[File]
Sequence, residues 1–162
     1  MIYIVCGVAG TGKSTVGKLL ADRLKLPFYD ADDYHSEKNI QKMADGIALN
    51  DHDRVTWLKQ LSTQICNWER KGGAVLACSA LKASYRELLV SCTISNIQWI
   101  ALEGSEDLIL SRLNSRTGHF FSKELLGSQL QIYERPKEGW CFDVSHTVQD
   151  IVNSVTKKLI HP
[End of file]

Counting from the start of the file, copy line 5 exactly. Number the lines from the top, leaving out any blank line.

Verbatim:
   151  IVNSVTKKLI HP